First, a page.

Friday, March 18, 2011

Fukushima: Japanese Disaster Prevention and Nuclear Safety Network for Nuclear Environment

There is a realtime radiation data collected via the System for Prediction of Environment Emergency Dose Information(SPEEDI) and provided in a map. Let us note that the dose rate units are in nGy/hr. The unit Gy stands for Gray, a unit that cannot be translated directly to Sievert. From Wikipedia:
Although the sievert has the same dimensions as the gray (i.e. joules per kilogram), it measures a different quantity. To avoid confusion between the absorbed dose and the equivalent dose, the corresponding special units, namely the gray for absorbed dose and the sievert for the dose equivalent, are used. For a given amount of radiation (measured in gray - the plural of gray is gray), the biological effect (measured in sievert) can vary considerably as a result of the radiation weighting factor WR. This variation in effect is attributed to the Linear Energy Transfer [LET] of the type of radiation, creating a different relative biological effectiveness for each type of radiation under consideration. Per most government regulations, the RBE [Q] for electron and photon radiation is 1, and varies for other types of radiation (see Q value).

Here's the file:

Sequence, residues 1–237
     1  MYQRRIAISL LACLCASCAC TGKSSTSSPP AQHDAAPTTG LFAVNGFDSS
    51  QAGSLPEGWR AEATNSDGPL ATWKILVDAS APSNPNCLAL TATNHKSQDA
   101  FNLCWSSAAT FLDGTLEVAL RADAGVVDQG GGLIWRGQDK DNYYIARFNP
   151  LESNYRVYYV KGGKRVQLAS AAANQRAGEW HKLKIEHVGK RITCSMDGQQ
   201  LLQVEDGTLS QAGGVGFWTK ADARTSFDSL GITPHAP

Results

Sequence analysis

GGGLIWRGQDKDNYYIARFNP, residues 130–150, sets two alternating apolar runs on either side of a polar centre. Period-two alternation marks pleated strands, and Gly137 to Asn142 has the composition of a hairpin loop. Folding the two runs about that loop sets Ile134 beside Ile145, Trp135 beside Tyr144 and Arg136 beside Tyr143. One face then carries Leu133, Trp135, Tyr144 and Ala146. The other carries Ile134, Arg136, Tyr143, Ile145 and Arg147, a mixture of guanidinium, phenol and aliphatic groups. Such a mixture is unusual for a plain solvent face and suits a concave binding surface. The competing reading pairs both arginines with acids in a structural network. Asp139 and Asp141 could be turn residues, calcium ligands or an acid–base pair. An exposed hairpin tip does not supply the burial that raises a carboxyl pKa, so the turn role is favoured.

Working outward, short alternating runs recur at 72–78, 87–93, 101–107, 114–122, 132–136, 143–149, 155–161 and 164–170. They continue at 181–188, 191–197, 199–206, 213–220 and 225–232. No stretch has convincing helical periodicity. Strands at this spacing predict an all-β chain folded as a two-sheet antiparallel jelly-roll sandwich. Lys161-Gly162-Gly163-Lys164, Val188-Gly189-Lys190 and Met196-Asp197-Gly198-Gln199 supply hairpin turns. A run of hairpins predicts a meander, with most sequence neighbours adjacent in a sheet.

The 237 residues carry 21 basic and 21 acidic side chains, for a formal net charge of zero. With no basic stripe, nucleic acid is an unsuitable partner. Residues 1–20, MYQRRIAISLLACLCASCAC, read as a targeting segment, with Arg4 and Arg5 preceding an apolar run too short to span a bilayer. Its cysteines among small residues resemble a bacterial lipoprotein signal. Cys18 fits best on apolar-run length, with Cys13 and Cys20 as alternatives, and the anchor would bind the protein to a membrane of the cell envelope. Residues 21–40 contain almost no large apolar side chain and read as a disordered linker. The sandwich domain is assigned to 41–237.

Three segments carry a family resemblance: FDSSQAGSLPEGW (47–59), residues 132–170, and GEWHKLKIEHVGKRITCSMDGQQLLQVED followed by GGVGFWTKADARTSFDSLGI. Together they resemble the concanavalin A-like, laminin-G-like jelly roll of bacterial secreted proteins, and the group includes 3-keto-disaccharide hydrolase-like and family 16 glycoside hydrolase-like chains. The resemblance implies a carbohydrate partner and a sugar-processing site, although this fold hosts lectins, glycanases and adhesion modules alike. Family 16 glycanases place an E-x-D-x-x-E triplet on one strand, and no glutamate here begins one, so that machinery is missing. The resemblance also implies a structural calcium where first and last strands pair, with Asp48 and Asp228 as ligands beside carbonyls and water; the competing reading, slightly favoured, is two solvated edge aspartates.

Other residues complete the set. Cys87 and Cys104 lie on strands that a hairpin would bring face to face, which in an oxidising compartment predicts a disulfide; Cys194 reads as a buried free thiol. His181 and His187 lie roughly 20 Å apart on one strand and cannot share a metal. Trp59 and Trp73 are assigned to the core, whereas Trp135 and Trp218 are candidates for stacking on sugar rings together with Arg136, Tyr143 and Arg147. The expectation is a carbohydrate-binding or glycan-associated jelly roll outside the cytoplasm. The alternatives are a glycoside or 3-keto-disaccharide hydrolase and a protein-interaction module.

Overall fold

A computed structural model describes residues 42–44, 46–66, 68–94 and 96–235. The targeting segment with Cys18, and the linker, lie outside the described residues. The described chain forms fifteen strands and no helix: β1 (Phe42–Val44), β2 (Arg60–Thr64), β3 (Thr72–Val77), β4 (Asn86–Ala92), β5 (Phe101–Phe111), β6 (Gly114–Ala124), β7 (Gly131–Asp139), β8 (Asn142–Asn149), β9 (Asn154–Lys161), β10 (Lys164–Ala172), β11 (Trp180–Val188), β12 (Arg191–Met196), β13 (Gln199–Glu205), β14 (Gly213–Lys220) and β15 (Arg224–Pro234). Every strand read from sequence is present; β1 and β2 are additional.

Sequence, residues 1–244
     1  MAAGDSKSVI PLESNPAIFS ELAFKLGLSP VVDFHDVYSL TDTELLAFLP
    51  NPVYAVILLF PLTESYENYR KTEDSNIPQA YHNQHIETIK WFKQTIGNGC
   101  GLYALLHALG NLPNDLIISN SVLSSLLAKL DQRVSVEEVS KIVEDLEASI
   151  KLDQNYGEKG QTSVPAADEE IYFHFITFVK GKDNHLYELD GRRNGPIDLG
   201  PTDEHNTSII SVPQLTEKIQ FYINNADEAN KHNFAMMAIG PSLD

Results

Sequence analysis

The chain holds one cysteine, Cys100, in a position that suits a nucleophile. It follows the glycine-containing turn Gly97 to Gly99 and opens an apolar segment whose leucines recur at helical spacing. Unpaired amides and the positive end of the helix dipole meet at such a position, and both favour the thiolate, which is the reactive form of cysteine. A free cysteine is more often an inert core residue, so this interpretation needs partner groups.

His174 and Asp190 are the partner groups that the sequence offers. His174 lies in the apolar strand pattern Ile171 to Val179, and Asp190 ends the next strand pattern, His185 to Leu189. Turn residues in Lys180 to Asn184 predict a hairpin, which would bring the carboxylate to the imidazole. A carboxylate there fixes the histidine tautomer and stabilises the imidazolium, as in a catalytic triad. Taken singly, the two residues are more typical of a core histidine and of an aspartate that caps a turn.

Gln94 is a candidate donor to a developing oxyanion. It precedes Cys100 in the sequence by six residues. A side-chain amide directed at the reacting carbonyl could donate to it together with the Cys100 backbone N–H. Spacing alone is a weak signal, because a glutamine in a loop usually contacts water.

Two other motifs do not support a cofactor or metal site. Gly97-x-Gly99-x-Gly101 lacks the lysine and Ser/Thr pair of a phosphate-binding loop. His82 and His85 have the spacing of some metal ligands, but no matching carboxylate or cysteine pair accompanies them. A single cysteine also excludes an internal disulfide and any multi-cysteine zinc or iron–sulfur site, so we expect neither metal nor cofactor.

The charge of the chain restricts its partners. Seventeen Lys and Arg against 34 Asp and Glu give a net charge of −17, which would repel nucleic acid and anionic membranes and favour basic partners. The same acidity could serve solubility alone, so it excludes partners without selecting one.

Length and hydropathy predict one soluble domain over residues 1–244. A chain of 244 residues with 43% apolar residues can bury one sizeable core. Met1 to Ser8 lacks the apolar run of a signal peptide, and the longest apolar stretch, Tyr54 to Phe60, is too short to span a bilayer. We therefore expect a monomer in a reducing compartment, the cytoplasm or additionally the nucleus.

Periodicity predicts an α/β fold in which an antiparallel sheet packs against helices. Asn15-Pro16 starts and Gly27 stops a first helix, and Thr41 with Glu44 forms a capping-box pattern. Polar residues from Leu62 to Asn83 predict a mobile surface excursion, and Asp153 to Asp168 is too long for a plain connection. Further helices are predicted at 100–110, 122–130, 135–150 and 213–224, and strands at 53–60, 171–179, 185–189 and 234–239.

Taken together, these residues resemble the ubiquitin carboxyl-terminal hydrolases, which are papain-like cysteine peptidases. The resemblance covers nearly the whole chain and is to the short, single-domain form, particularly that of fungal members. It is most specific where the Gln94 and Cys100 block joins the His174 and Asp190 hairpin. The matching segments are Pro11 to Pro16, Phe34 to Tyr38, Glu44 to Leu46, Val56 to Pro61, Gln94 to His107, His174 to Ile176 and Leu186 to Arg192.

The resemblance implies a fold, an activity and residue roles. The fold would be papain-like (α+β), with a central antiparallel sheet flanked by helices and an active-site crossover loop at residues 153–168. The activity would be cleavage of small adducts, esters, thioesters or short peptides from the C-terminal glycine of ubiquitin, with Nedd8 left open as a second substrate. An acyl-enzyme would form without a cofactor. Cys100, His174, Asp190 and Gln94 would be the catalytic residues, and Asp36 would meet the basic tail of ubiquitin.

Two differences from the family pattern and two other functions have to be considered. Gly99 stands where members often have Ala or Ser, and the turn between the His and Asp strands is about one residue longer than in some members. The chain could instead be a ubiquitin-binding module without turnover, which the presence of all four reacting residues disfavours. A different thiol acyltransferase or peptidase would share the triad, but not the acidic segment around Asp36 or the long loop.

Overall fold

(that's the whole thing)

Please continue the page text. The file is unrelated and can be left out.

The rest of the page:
The Q-value can vary from 1 to 20 depending on the radiation being released in the atmosphere. The Q-value on Wikipedia has the following:
Here are some quality factor values based on ICRP 103 recommendations:[15]
Photons, all energies : Q = 1
Electrons and muons, all energies : Q = 1
Protons and charged pions : Q = 2
Neutrons : Q is a continuous function of neutron energy
Alpha particles and other atomic nuclei : Q = 20
Here is the site in Japanese.

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